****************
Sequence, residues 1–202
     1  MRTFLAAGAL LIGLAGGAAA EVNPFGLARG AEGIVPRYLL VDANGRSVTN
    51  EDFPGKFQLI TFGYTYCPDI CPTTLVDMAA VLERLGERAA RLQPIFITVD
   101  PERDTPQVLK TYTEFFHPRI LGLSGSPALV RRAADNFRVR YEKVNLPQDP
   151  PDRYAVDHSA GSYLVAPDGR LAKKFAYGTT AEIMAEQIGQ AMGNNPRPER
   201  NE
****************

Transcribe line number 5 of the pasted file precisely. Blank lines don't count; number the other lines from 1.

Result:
   151  PDRYAVDHSA GSYLVAPDGR LAKKFAYGTT AEIMAEQIGQ AMGNNPRPER